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The core of many desserts is pastry cream. It’s that “elegant goo” that makes you begin to think about having seconds, before your wife stares you down.

I did this comparison a few years of “pastry cream” and I discovered that it comes in many different forms. For your spring and summer desserts, you just may want to experiment a little:

t looks like fruit – mango and banana – but what gives this tart its capacity to please are those yellow traces beneath the fruit. Pastry cream. A simple concoction fit for the gods. Or you and me.

If you were a mathematician, a statistician actually, then your life would be based on comparing things. How are they different? Which is the best? Is there a best?

If you were a mathematician, a statistician actually, then your life would be based on comparing things. How are they different? Which is the best? Is there a best?

You would be surprised at what can be compared. For example, what could be a more basic component of a great dessert than pastry cream? Ladled into a pastry shell, adorned with fruit or chocolate, pastry cream is that basic building block we all depend on.

Just how basic? I’ve compared pastry cream recipes from three outstanding books:

  • Pastry by Michel Roux
  • Southern Italian Desserts by Rosetta Costantino
  • Patisserie: Mastering the Fundamentals of French Pastry by Christophe Felder

Pastry by Michel Roux is Suzen’s standby pastry book. We’ve made many of the recipes, love the crust options and indulge now and then on its great pastry cream. It’s Paris.

Southern Italian Desserts is a new, meticulously researched book that features the authentic styles of Southern Italy. These are recipes honed by endless generations of home cooks.

And Patisserie is a most beautiful and astonishing comprehensive treasure chest of French pastry arts. The book is illustrated with 3200 color photos for step by step assistance in each of the recipes in this ultimate encyclopedia.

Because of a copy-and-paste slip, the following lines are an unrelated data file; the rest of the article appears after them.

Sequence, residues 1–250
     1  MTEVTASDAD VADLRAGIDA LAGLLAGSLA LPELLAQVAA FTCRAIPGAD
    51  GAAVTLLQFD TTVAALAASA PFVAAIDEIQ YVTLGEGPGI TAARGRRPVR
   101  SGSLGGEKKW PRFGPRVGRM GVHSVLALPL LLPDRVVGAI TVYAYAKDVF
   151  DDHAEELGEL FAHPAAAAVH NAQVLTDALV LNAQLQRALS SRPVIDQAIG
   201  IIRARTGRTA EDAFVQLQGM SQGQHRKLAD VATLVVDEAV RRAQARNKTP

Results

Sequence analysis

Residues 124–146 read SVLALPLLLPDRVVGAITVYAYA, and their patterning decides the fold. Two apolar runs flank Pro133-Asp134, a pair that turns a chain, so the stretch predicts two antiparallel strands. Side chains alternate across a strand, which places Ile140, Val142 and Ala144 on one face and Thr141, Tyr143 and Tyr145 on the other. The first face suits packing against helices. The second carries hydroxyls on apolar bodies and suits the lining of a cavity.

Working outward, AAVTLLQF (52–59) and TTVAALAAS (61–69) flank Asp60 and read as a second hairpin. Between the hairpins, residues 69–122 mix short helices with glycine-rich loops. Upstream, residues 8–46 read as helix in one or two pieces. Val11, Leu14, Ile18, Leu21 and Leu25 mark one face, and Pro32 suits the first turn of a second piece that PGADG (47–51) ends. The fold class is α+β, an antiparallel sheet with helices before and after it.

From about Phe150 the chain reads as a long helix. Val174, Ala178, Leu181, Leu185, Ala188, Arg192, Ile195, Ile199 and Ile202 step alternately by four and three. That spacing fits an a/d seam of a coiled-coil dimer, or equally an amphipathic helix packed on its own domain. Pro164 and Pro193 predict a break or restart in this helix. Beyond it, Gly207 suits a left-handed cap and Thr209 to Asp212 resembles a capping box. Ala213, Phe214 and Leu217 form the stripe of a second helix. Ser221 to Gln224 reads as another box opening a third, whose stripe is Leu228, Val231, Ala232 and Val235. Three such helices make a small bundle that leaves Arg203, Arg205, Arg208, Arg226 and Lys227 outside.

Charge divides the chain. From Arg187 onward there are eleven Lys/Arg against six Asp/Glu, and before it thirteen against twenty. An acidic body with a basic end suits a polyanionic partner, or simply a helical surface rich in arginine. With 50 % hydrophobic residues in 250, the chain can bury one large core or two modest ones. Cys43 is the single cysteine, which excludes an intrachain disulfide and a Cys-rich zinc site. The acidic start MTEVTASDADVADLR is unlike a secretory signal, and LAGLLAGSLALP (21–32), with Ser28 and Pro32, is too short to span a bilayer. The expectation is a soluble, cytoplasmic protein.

In comparing the three recipes, I expected to find minor shifts in ingredients or their proportions. And modest suggested alternatives for techniques. I mean, its pastry cream. It can’t be that different.

Oh, it can. Here is a comparison of the ingredients for around 2 cups of pastry cream:





Egg yolks





½ cup + 2 tablespoons

½ cup + 1 tablespoon

⅔ cup


¼ cup


2 cups

2 cups


1 ½ cups


3 tablespoons

Vanilla bean



Lemon peel

1 small lemon


3 tablespoons

3 tablespoons


This comparison demonstrates that there is “no simple thing.” The contrasts are major. For example, Pastry and Patisserie use the same amount of eggs — and twice those of Southern but one uses flour and the other cornstarch. Perhaps you would not notice the flour-versus-cornstarch difference in your mouth but there are many, I assure you, who would prefer one to another.

Which is best? Oh, don’t even think of going there. Each of these recipes stands on its own, including its own set of ingredients. All three are really, totally addictive. The real question is which do you prefer. Is your flavoring preference for vanilla or lemon? Does milk create the best texture for you, or milk plus butter, or half‑and‑half? Your preference will be determined by your food history, literally what your mother made. And by the mouthfeel you desire, the way the cream reacts as you bite, and of course how the pastry cream mates with other flavors in your dish. That lemon flavor may be ideal for a berry tart, but vanilla may be better for chocolate.

The next time your recipe calls for pastry cream, take a moment, pause, and maybe do a little research. Or, and this is better, make two pies. With a different pastry cream in each one. Let your spouse taste test, evaluate, and marvel at your skills.

At least that’s what I wish my wife Suzen would do.